Friday, 21 September 2007


Written by Guillermo Arriaga
Directed by Alejandro Gonzalez Inarritu. Both guys did Amor Es Perros (2000) and 21 Grams (2003).
Producers : John Kilik and Steve Golin. Year 2006.
“Babel” means bedlam which is “confusion” or “total madness” in Spanish.
For me it is the best portrayal of contrasts in a film; from extreme poverty to extreme richness plus has a Hollywood mega star, Brad Pritt.
Let me start by saying I am shocked by the bad reviews Babel received. I am not going to cite them for that will highlight their content. My intention is not to review other reviewers but celebrate something that I think is underrated and quite beautiful.

Today’s feature movies are normally about Stars acting a role. And since Babel is played in Third World (Mexico, Morocco) and wealthy countries (USA, Japan) you have to judge it according to it’s exotic connection.
The usual tendency is for a character (through the senses of a famous Hollywood actor) finding themselves via love (“Wild Orchid” in Brazil, 1990; “Out of Africa”, in Kenya, 1986), spying (Graham Greene’s “Quiet American” in Vietnam, recently) or poverty, economics, politics (“Last King of Scotland”, Uganda, 2006; “Black Diamond” , Sierra Leone, 2006) which rears back to the bygone era of colonialism (“African Queen” and “Zulu” starring Humphrey Borgat, Katherine Hepburn and Michael Caine, respectively). Not forgetting the abhorring Tarzan series.
Babel impressed me because it is about the subjects not matinee idols; nor “playing the role.”
Even Spike Lee (whose material and concerns are US blacks) has not touched the taboo subject: poor, developing countries. Bollywood and Lagowood (India and Nigerian films) are in the third world, but, there is, a but. Something needs to happen to this super charged industry. One common complaint is the length (Bollywood), the farce (Lagowood) or exaggeration (both). But fantasy, fun and exaggeration have a place in movie making.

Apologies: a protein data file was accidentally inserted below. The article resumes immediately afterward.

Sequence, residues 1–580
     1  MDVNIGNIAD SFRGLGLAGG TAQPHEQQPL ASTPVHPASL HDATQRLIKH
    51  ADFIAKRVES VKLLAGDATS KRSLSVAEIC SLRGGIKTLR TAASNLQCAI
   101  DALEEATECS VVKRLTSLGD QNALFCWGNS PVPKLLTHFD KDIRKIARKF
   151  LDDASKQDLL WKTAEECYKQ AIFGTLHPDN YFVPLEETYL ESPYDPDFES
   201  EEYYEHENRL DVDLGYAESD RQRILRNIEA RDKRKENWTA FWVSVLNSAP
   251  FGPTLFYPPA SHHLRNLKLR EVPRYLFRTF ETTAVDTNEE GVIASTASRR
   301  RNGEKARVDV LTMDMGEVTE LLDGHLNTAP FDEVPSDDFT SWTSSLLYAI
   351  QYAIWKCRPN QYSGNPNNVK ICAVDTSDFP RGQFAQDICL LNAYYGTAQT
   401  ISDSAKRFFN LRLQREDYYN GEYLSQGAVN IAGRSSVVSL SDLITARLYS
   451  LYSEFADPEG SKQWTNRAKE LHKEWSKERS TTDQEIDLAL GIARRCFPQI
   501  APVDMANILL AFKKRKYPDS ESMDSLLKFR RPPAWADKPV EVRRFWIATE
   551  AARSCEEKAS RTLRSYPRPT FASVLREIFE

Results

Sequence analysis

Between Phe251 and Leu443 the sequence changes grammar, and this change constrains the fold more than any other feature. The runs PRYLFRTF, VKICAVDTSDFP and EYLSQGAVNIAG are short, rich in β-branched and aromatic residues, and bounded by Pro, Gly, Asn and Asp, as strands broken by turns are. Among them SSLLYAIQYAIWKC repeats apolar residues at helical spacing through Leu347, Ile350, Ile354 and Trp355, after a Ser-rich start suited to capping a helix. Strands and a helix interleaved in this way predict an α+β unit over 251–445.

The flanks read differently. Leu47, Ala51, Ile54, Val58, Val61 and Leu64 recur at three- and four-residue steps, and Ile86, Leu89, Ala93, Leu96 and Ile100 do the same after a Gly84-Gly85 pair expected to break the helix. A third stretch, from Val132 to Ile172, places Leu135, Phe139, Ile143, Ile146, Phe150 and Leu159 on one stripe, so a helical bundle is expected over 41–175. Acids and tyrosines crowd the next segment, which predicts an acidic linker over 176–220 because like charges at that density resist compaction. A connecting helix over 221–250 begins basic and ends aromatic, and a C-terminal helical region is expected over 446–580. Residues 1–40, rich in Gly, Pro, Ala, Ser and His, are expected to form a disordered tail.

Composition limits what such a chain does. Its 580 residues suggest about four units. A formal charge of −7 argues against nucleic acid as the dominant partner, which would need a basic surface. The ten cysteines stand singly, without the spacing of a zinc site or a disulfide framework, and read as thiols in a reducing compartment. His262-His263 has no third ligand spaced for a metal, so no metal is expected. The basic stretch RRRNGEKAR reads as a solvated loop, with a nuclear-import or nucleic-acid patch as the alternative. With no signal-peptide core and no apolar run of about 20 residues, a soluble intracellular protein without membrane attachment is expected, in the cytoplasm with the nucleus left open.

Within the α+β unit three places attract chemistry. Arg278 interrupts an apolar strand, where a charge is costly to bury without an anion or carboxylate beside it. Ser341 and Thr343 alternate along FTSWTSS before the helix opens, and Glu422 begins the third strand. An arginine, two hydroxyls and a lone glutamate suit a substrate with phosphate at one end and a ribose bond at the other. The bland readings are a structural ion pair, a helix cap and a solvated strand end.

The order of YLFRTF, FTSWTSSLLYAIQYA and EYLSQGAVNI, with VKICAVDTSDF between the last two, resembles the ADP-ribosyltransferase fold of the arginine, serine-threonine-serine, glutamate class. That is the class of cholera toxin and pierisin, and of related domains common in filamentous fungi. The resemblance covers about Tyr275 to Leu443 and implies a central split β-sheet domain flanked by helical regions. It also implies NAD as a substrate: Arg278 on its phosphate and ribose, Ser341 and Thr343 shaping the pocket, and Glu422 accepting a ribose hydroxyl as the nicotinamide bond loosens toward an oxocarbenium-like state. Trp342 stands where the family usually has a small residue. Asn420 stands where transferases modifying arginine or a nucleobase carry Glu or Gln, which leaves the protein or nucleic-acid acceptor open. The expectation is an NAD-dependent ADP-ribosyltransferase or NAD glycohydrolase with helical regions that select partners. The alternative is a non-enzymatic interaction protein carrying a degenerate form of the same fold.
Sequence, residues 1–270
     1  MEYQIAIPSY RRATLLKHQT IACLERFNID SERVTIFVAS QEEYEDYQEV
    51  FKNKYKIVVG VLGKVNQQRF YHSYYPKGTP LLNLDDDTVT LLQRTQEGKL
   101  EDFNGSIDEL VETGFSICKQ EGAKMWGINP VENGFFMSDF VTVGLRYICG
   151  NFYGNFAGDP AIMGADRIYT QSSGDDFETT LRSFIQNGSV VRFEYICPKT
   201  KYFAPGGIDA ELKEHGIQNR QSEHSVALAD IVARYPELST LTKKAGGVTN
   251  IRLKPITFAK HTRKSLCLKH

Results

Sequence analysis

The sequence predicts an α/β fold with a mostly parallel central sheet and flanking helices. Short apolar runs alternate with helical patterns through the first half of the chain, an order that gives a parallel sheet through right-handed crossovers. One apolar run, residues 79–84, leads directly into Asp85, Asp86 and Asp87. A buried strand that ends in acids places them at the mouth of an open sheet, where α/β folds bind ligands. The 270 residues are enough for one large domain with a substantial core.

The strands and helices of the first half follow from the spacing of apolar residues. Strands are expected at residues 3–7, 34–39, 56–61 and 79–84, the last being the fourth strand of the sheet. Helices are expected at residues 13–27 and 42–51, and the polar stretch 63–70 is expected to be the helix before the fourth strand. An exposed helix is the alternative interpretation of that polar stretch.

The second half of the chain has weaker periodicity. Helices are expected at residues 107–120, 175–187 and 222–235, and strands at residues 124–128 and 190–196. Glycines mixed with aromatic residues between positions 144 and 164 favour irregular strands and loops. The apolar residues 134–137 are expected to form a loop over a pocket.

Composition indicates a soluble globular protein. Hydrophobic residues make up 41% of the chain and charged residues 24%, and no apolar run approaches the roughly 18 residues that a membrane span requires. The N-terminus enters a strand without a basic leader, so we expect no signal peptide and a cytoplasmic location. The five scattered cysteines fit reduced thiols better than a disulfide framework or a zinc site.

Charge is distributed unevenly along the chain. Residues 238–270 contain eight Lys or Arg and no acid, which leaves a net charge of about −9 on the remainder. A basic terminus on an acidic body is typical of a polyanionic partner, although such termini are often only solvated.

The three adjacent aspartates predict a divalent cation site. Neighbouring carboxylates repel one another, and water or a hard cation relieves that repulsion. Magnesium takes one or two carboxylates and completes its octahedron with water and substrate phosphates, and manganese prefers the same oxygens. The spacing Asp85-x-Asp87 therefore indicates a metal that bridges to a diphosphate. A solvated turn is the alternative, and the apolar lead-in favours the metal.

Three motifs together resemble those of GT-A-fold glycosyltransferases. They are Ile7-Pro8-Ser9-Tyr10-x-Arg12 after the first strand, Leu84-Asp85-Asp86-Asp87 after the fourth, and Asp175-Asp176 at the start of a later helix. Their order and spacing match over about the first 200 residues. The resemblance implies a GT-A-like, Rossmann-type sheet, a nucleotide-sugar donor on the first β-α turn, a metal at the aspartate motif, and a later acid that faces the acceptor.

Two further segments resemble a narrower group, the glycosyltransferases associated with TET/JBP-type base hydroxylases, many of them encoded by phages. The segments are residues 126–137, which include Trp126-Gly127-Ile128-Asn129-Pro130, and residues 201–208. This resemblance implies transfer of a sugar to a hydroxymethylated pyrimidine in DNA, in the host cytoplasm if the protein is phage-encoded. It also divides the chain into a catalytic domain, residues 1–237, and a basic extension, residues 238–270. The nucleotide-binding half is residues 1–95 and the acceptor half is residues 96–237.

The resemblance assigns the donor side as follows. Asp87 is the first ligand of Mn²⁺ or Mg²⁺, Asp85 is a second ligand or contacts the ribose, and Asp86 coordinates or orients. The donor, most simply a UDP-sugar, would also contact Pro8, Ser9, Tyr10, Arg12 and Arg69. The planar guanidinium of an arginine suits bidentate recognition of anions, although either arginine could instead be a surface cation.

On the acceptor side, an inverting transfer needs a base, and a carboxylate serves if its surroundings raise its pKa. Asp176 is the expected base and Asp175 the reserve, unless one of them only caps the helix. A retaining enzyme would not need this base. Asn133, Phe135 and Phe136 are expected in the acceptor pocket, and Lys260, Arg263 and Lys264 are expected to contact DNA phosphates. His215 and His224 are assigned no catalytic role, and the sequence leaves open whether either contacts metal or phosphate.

Legendary Hollywood scriptwriter, William Goldman (All The President's Men, Absolute Power, Marathon Man, Butch and the Sundance Kid) says (“Which Lie Did I Tell?”, 2000) that Hollywood films reinforce and reassure; while Independent ones, unsettle. It is this combination that is somehow achieved in Babel.
Both Guillermo Arriaga (the scriptwriter) and Gonzalez Inarritu (director) have tried doing what the Spanish singer Manu Chao is doing in World music or German director Wim Wenders and US musician Ry Cooder did with Cuban “Buena Vista Social Club” in the late 1990’s. They brought out an unknown world, that is rich, superfluous, entertaining and unsettling.
Thus, the recent upsurge of World Cinema has stimulated and showed the way forward for the film industry in the way they localise their stories. "City of God", "Carandiru" and "Bus 174", all use crime to focus on Brazil; "Amores Perros", ply dog-fighting as a metaphor of love and family discord in Mexico; while “Totsi” and “Catch a Fire” show us today’s and yesterday's South Africa. Senegal’s Ousmane Sembene has always portrayed class issues in West Africa and upcoming, yet to be known, Tanzanian director Josiah Kibira illuminates Africans and immigration in the USA. They are amazing films but are limited in the sense of being “Best Foreign Films” as the Hollywood monopolists dub World Cinema.